sábado, 31 de agosto de 2013


Let's be honest: some aesthetes/epicureans, like Lord Wotton, are just cozy-hearted. But there is another breed (let's call it Wallensteinian, for an obvious reason), that are corrupted by such a carefree lifestyle. Here you can find, pêle-mêle, drug addicts, Wallenstein-like social climbers whose thirst for earthly enjoyment can't be quenched, and many other depraved subspecies.
One such corrupt scoundrel was depicted by General Lew Wallace, the creator of Ben-Hur, in a lesser-known novel of his.
Dear readers, cross your fingers and hold tight, for Miss Dermark is proud as a peacock to introduce... (Drum rolls)... Demedes the Epicurean!

A genius thoroughly wicked—such was Demedes.
"Nature is the lawgiver; the happiness of man (read: of humankind) is the primary object of Nature: hence for youth, Pleasure; for old age, Repentance and Piety, the life hereafter being a respectable conjecture.", he said.
This was the motto in full, known only to the initiated—"Patience, Courage, Judgment in the pursuit of Pleasure".
Neither the money nor the time spent in this part of the preparation was begrudged; on the contrary, Demedes took delight in the occupation; it was exercise for ingenuity, taste, and judgment, always a pleasure to such as possess the qualities. In fact, the whole way through he likened himself to a bird building a nest for its mate.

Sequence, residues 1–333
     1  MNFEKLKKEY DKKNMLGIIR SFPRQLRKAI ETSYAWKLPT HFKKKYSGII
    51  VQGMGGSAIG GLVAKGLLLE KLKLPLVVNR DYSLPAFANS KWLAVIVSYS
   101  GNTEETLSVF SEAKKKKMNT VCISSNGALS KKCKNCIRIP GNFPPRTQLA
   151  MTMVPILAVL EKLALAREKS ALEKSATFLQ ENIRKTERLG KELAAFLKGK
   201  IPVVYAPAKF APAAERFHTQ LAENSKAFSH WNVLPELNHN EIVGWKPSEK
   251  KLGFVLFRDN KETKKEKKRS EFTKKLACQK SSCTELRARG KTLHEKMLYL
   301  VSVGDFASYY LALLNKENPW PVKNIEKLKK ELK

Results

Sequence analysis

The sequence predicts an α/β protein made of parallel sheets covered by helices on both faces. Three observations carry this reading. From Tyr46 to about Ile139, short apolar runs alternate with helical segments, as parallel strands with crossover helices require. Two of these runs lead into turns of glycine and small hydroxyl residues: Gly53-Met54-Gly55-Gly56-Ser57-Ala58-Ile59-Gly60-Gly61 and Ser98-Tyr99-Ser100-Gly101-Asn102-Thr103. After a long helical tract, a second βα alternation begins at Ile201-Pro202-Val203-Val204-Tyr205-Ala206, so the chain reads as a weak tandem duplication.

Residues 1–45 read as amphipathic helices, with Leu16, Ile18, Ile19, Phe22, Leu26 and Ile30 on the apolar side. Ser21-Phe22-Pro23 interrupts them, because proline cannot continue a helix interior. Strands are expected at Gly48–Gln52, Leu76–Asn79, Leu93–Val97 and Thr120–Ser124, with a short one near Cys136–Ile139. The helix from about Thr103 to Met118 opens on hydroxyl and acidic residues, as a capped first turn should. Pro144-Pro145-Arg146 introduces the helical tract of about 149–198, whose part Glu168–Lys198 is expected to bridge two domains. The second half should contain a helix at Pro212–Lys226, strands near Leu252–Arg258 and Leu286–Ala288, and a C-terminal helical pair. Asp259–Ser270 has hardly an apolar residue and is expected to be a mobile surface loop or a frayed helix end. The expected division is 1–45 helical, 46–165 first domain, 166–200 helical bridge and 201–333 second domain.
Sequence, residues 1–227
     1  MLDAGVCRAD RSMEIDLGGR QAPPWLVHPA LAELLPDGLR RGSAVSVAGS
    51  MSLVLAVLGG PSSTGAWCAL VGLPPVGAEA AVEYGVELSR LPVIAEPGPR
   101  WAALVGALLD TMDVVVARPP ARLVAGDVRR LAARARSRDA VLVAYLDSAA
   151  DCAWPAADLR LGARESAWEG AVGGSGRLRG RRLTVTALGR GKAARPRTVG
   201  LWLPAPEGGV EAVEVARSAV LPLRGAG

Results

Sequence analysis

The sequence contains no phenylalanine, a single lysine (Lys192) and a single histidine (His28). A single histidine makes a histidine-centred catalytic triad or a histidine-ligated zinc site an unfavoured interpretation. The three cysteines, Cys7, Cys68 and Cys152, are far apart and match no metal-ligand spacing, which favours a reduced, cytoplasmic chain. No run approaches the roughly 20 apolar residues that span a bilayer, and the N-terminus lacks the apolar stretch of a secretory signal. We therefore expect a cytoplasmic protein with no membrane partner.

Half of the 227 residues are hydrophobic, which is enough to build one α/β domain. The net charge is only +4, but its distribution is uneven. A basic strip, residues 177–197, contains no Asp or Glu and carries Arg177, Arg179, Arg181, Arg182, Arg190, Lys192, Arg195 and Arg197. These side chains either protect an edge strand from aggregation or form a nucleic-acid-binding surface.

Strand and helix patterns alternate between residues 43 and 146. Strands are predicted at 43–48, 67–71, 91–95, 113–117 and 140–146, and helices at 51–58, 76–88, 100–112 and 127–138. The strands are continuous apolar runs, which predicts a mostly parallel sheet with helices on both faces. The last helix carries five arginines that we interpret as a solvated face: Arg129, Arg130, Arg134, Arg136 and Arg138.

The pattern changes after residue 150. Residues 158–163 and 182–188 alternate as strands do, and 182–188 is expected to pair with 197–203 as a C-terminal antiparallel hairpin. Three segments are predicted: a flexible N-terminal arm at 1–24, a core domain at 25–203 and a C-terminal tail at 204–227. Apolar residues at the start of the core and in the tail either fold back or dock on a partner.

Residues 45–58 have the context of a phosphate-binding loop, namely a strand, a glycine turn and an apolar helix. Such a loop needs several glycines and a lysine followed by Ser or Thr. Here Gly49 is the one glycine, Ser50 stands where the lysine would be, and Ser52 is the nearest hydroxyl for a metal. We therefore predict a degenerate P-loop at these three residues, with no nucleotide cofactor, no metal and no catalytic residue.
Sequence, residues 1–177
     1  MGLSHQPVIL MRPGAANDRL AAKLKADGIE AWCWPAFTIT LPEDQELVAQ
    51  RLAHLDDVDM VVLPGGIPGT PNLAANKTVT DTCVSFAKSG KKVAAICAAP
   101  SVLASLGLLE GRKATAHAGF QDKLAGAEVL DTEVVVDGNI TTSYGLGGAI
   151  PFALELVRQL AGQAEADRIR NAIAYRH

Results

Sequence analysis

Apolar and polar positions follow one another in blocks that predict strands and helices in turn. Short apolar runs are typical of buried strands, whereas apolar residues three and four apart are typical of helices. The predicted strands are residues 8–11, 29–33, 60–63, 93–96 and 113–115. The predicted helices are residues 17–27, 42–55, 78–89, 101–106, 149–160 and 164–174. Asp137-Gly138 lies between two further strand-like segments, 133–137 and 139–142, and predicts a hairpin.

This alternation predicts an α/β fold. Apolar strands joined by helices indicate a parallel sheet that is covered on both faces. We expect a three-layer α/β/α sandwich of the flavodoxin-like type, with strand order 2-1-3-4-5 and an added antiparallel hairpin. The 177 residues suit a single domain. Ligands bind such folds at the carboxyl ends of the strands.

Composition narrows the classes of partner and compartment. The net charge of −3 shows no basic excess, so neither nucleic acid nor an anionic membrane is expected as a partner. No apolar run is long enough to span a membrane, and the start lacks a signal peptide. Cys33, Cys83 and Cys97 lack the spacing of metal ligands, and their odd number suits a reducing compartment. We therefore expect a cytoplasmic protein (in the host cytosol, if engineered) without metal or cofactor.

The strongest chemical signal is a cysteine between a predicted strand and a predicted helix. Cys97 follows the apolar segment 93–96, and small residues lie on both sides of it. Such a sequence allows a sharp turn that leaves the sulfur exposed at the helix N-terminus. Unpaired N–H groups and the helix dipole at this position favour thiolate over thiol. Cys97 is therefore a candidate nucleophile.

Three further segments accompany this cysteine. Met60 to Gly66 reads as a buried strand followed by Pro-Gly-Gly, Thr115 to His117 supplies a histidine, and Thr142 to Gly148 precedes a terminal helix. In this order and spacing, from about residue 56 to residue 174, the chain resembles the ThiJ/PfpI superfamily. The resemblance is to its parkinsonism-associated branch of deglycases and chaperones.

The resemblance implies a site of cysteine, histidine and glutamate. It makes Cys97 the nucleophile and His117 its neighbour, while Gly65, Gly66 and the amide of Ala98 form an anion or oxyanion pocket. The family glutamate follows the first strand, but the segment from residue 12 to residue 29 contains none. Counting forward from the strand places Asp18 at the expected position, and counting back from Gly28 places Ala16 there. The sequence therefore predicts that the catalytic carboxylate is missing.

Here we have a Palace of Pleasure illustrative of Epicureanism according to Demedes. The expense and care required to make it an actuality beget the inference that the float, rough outside, splendid within, was for a whole harem. Whosoever the favorite of the hour might be, the three pavilions were certainly the assigned limits of their beings; while the getting rid of her would be never so easy—the water flowing, no one knew whence or whither, was horribly suggestive. Once installed there, it was supposed that longings for the upper world would go gradually out. The mistress, with nothing to wish for not at hand, was to be a Queen, with Demedes and his chosen of the philosophic circle for her ministers. In other words, the Academic Temple in the upper world was but a place of meeting; this was the Temple in fact. There the gentle priests talked business; here they worshipped; and of their psalter and litany, their faith and ceremonial practices, enough that the new substitute for religion was only a reembodiment of an old philosophy with the narrowest psychical idea for creed; namely, that the principle of Present Life was all there was in man (read: humankind, as before) worth culture and gratification.